2) Christ acts as a net to draw men unto him. The Gospel ministry is, in God's Word, compared to a fishery, God's ministers are the fishermen, they go to catch souls, as fishermen go to catch fish. How shall souls be caught? They shall be caught by preaching Christ. Just preach a sermon that is full of Christ, and throw it unto your congregation, as you throw a net into the sea-you need not look where they are, nor try to fit your sermon to different cases, but, throw it in, and as sure as God's Word is what it is, it shall not return to Him void, it shall accomplish that which He pleases, and prosper in the thing whereto He hath sent it.
The Gospel never was unsuccessful yet, when it was preached with the demonstration of the Spirit and of power. It is not fine orations upon the death of princes, or the movements of politics which will save souls. If we wish to have sinners saved and to have our churches increased; if we desire the spread of God's kingdom, the only thing whereby we can hope to accomplish the end, is the lifting up of Christ; for, "I, if I be lifted up, will draw all men unto me."
3) Christ Jesus draws as the cords of love.After men are saved, they are still apt to go astray, it needs a cord to reach all the way from a sinner to heaven, and it needs to have a hand pulling at him all the way. Now, Christ Jesus is the band of love that draws the saint to heaven. Oh child of God, you would go astray again if Jesus did not hold you fast, if He did not draw you to Himself you would still wander.
Christian people are like our earth. Our world hastwo forces, it has one tendency to run off at a tangent from its orbit, but the sun draws it by a centripetal power and attracts it to itself, and so between the two forces it is kept in a perpetual circle. Oh! Christian, you will never walk rightly, and keep in the orbit of truth, if it be not for the influence of Christ perpetually attracting you to the centre. You feel, and if you do not feel always, it is still there-you feel an attraction between your heart and Christ, and Christ is perpetually drawing you to Himself, to His likeness, to His character, to His love, to His bosom, and in that way you are kept from your natural tendency to fly off and to be lost in the wide fields of sin. Bless God, that Christ, lifted up, draws all His people unto Him in that fashion.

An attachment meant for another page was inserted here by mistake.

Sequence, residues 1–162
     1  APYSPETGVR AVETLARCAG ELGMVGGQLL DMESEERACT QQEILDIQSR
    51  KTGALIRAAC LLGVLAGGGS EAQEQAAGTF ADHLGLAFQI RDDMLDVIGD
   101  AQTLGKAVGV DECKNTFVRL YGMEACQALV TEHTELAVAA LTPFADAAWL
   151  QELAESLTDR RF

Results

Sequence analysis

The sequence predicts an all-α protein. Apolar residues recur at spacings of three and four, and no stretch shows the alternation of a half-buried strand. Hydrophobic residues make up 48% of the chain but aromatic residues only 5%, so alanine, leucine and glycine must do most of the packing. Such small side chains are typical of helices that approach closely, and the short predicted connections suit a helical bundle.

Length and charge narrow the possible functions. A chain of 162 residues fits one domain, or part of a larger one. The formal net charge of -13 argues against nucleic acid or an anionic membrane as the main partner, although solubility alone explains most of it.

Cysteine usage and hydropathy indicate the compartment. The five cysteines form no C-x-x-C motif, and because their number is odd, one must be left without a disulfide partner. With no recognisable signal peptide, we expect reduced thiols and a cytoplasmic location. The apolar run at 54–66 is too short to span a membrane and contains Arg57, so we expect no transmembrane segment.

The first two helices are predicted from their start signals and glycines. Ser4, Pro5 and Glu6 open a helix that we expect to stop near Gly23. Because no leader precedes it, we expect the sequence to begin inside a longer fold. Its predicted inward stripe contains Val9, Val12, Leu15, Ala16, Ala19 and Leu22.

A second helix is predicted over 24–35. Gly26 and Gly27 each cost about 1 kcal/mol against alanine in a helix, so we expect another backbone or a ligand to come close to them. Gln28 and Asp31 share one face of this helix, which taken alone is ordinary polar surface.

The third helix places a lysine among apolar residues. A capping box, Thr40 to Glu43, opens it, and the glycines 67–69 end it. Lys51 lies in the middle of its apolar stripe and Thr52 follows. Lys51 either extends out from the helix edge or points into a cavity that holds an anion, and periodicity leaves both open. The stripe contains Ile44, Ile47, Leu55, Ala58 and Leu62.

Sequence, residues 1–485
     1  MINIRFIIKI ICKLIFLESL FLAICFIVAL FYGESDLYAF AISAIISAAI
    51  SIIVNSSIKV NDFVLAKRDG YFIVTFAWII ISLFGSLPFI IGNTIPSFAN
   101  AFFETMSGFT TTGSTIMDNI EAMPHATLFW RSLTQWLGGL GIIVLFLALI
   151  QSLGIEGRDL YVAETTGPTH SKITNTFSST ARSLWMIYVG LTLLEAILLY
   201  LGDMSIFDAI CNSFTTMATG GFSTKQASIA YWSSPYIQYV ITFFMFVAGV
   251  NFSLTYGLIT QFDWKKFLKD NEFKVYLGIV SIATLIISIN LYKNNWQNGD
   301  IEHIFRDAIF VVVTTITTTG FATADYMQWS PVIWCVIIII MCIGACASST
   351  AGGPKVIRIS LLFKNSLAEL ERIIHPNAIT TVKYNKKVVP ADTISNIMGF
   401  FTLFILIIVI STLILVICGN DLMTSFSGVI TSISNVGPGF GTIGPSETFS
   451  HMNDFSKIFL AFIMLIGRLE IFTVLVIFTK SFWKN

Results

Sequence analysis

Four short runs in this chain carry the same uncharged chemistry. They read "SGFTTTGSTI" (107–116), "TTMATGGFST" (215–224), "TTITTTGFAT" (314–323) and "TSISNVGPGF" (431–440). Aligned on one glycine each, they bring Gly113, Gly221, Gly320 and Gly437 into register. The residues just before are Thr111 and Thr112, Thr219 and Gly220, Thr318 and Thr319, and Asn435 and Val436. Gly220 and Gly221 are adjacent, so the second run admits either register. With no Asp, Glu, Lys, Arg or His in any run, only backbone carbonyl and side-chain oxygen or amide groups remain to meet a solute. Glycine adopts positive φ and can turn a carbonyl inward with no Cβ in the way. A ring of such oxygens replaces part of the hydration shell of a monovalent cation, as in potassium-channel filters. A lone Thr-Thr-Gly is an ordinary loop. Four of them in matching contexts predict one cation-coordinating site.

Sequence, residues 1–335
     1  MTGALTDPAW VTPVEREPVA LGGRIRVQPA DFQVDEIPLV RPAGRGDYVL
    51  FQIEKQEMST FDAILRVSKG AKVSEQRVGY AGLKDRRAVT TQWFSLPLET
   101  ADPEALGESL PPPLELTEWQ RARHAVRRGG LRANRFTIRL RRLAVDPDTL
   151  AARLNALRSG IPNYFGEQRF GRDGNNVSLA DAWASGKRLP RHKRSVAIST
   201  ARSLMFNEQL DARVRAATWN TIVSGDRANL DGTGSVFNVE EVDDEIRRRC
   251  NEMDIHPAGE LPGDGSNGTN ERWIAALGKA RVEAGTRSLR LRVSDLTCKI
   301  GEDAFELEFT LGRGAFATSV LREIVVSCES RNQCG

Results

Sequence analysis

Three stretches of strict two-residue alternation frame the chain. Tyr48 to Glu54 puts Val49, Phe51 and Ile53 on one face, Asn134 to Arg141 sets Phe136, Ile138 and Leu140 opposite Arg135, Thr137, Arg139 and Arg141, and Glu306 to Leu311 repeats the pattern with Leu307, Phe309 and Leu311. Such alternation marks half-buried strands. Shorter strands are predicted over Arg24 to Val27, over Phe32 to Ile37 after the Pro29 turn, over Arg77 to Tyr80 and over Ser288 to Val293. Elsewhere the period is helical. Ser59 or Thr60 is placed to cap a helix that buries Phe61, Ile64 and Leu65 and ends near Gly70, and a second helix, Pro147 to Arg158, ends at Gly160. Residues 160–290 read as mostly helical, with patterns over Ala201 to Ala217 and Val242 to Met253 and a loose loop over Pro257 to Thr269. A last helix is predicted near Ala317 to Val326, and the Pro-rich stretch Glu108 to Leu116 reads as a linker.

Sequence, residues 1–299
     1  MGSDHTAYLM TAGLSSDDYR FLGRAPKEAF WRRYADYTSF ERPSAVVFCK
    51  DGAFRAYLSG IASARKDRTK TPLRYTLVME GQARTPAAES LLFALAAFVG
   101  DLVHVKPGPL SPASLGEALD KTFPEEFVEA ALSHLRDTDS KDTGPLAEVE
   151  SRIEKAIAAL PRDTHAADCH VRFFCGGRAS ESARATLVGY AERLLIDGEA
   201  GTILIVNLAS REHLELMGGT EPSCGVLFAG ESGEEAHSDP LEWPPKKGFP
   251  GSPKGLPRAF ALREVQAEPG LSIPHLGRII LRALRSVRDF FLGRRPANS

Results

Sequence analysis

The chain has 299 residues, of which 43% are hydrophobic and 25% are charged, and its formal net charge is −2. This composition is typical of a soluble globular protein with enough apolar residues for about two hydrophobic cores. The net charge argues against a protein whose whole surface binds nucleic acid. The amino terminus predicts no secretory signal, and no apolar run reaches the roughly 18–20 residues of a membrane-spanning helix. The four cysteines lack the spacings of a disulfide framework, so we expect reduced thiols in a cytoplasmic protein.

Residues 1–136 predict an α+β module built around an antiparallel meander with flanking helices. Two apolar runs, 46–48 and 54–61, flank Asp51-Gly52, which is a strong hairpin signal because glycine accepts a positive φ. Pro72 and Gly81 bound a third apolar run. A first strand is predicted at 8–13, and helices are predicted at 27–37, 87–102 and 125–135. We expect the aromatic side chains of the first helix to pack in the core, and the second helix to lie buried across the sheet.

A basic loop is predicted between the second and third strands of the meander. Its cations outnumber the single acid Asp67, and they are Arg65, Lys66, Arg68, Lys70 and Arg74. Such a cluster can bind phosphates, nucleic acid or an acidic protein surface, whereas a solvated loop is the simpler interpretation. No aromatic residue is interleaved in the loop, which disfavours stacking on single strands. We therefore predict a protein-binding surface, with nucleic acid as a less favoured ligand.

4) Christ Jesus is the center of attraction, even as a standard is the center of gathering. We want unity in these days; we are now crying out, "away with sectarianism." Oh, for unity! There are some of us who truly pant after it. We do not talk about an evangelical alliance; alliances are made between men of different countries. We believe that the phrase "Evangelical Alliance" is a faulty one-it should be "Evangelical Union"-knit together in union with Christ. Why! I am not in alliance with a brother of the Church ofEngland; I would not be in alliance with him if he were ever so good a man! I would be in union with him, I would love him with all my heart, but I would not make a mere alliance with him. He never was mine enemy, he never shall be; and, therefore, it is not an alliance I want with him, it is a union. And so with all God's people, they do not care about alliances; they love real union and communion one with another.